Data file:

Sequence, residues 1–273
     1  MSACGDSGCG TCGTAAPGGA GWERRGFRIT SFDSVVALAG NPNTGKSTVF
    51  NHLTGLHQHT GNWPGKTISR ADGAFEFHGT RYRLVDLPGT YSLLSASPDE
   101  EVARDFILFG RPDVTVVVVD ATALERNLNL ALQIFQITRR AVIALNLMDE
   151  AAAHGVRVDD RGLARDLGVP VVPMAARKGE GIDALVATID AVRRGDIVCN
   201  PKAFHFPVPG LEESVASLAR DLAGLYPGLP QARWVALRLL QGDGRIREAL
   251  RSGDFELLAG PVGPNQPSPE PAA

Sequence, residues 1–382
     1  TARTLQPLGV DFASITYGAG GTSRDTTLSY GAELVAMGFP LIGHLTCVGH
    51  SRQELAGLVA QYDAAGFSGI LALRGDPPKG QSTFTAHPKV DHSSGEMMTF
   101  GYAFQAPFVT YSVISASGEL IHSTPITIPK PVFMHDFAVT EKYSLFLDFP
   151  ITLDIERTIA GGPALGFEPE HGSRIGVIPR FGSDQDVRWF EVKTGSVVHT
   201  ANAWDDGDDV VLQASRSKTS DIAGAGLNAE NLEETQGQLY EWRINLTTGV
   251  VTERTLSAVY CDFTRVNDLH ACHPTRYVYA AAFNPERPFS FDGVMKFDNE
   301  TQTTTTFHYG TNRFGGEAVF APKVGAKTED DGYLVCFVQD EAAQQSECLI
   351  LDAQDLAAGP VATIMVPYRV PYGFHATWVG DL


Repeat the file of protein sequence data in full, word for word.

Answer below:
Sequence, residues 1–273
     1  MSACGDSGCG TCGTAAPGGA GWERRGFRIT SFDSVVALAG NPNTGKSTVF
    51  NHLTGLHQHT GNWPGKTISR ADGAFEFHGT RYRLVDLPGT YSLLSASPDE
   101  EVARDFILFG RPDVTVVVVD ATALERNLNL ALQIFQITRR AVIALNLMDE
   151  AAAHGVRVDD RGLARDLGVP VVPMAARKGE GIDALVATID AVRRGDIVCN
   201  PKAFHFPVPG LEESVASLAR DLAGLYPGLP QARWVALRLL QGDGRIREAL
   251  RSGDFELLAG PVGPNQPSPE PAA

Sequence, residues 1–382
     1  TARTLQPLGV DFASITYGAG GTSRDTTLSY GAELVAMGFP LIGHLTCVGH
    51  SRQELAGLVA QYDAAGFSGI LALRGDPPKG QSTFTAHPKV DHSSGEMMTF
   101  GYAFQAPFVT YSVISASGEL IHSTPITIPK PVFMHDFAVT EKYSLFLDFP
   151  ITLDIERTIA GGPALGFEPE HGSRIGVIPR FGSDQDVRWF EVKTGSVVHT
   201  ANAWDDGDDV VLQASRSKTS DIAGAGLNAE NLEETQGQLY EWRINLTTGV
   251  VTERTLSAVY CDFTRVNDLH ACHPTRYVYA AAFNPERPFS FDGVMKFDNE
   301  TQTTTTFHYG TNRFGGEAVF APKVGAKTED DGYLVCFVQD EAAQQSECLI
   351  LDAQDLAAGP VATIMVPYRV PYGFHATWVG DL